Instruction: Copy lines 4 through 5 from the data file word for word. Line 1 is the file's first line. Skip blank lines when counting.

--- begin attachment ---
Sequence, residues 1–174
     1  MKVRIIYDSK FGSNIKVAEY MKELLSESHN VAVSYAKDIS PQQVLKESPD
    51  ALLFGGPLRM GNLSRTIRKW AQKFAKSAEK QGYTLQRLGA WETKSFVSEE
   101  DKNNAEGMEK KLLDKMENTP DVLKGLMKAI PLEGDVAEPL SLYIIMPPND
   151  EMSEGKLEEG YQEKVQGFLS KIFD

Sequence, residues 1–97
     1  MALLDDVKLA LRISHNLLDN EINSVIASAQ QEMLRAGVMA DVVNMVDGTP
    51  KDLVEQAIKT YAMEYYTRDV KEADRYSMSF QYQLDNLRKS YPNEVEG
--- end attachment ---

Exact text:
   101  DKNNAEGMEK KLLDKMENTP DVLKGLMKAI PLEGDVAEPL SLYIIMPPND
   151  EMSEGKLEEG YQEKVQGFLS KIFD